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Tuscany: Just don’t call them cowboys

We buckle up in the vineyard-covered hills of Tuscany

Tuscany: Just don’t call them cowboys
Butteri cowboys at a ranching tournament, Canale Monterano

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Think of Tuscany, and horsemen with brimmed hats corralling Longhorn cattle probably don’t spring to mind. But down among the squat macchia vegetation and saltmarshes of the Maremma, they were once a common sight.

Known as butteri, these mounted livestock herders tended Maremmana cattle for centuries, since before the Roman Empire.

Today, the Maremma Regional Park is the last butteri heartland. It’s a world apart from the landscape of rolling, vineyard-covered hills commonly associated with the region; narrow trails weave through ilex and parasol pine trees and past abandoned watchtowers.

Boars and martens snuffle around the woods, buzzards and ospreys wheel overhead and the pristine beaches are out of bounds to cars. But make it here and you’ll often spot butteri on their horses, galloping full tilt across their rugged, mountainous terrain.

The buttero’s life was — and is — a hard one. Many today are reliant on income from horsemanship shows and riding excursions. Others eke out a meagre living moving cattle between soggy Mediterranean pastures and cooler uplands. Just like they always have.

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Q&A with Alessandro Zampieri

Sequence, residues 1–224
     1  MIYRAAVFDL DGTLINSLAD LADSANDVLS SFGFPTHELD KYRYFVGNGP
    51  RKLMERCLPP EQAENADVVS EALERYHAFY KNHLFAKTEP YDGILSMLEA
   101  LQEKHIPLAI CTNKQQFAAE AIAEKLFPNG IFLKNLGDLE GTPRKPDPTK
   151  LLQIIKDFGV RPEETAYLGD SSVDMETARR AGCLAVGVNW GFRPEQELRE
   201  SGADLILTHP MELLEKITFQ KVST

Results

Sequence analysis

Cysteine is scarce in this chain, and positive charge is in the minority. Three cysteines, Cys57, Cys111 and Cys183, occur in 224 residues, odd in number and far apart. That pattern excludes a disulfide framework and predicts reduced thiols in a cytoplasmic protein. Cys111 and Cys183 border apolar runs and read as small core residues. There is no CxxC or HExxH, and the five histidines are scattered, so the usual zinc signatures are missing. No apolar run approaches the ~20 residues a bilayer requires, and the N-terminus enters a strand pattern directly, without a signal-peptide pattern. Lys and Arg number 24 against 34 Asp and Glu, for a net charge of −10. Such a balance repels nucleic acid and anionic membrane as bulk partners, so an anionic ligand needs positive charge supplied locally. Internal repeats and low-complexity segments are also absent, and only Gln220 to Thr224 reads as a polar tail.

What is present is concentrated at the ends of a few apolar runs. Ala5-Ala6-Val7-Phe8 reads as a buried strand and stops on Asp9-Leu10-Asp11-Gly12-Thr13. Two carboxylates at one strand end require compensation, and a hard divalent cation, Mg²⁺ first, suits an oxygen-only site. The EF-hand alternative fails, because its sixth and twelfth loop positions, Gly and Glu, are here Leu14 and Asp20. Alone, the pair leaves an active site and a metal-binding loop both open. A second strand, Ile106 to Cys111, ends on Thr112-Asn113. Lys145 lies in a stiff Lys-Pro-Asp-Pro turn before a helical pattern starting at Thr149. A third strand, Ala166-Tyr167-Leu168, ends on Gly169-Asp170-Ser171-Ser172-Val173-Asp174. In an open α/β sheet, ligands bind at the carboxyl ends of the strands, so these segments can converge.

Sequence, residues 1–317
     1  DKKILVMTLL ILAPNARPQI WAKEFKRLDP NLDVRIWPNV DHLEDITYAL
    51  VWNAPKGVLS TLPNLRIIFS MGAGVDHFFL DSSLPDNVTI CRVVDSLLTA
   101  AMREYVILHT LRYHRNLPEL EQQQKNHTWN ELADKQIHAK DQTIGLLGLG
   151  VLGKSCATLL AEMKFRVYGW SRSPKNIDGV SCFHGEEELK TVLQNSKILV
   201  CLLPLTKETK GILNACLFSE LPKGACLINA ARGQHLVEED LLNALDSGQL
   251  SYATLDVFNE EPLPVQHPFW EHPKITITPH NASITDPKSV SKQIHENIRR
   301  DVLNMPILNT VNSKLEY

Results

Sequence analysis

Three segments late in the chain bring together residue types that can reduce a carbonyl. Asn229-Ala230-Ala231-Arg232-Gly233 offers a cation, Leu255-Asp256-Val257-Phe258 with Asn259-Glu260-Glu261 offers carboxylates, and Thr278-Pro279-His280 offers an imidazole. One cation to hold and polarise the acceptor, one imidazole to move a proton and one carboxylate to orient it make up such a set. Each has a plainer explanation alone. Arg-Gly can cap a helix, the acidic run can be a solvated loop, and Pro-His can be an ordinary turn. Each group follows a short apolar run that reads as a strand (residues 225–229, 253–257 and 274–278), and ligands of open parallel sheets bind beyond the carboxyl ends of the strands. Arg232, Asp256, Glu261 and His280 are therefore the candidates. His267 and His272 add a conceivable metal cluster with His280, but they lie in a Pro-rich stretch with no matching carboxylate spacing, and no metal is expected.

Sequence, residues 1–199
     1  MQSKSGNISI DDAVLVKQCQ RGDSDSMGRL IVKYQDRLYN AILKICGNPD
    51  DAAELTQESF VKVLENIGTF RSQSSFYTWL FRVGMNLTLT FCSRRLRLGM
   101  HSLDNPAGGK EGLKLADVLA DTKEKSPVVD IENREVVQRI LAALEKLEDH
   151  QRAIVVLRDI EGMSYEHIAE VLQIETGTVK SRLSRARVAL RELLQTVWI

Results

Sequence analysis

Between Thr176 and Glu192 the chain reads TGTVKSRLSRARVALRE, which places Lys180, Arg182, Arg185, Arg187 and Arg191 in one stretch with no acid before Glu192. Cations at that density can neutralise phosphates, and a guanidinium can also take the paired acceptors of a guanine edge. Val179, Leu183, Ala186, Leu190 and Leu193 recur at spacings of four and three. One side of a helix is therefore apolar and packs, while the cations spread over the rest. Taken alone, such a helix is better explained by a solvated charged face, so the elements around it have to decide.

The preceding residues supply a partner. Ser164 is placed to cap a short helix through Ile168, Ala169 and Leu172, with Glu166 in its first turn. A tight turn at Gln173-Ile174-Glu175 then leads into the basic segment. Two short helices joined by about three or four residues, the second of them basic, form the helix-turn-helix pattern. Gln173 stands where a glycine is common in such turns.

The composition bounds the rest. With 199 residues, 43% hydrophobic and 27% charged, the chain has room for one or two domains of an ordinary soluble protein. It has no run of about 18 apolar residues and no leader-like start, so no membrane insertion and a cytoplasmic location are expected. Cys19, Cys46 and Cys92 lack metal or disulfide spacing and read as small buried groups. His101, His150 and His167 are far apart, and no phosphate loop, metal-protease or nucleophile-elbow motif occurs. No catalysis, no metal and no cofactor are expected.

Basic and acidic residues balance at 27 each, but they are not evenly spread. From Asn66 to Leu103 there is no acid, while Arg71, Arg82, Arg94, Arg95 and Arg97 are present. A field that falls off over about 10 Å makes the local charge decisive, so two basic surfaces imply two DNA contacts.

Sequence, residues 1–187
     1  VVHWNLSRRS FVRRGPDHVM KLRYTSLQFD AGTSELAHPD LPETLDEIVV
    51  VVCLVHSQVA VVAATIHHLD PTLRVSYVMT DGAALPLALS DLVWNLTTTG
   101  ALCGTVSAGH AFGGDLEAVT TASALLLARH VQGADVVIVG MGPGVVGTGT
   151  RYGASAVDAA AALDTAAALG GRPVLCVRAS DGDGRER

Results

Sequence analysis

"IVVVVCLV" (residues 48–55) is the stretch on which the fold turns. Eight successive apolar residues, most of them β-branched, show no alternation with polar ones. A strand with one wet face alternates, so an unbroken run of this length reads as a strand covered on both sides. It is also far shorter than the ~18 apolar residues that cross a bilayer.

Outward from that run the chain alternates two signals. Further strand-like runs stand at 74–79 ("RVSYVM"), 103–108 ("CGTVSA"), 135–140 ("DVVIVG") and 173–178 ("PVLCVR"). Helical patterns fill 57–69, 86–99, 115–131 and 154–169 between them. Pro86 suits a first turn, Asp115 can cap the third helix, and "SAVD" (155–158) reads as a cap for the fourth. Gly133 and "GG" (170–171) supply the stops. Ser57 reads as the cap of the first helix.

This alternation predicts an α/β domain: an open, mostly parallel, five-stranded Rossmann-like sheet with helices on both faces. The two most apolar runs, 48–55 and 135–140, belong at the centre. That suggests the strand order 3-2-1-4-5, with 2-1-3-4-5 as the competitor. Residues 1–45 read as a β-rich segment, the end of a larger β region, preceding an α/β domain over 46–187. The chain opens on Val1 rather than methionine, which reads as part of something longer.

Alessandro Zampieri has been a Buttero since 1979, and head of the Butteri since 1999.

Does it annoy you when people call you a ‘Tuscan cowboy’?
Absolutely! I’d never call a Texan cowboy an ‘American buttero’. Everywhere people work with livestock, there’s an individual name: in America, cowboys; in Argentina, gauchos; in France, gardians; in Hungary, csikós; and in Italy, butteri.

How long have the Butteri lived and worked in the Maremma?
Archaeological evidence from the Etruscan period [eighth–second century BC] tells us Maremmano horses and Maremmana cattle were raised in those times. They were used for work, so large herds were needed, but mechanisation and the reclamation of the Maremma’s swamps led to the near-extinction of the breeds —and the livelyhood of butteri. I can’t say how many exactly remain, but, in terms of who still does the everyday labour — it’s just us.

What is the essence of traditional Buttero life?
Our daily work is livestock control and herd management, adapting to the rhythms of our animals. In every season, there’s a different type of work to do, which can only be done on horseback. The only thing that’s changed over time is how we distribute fodder to the animals, but for the rest of the work, and especially our work on horseback, it’s all just as it once was. There’s no other way.

Published in the Tuscany guide, distributed with the October issue of National Geographic Traveller (UK)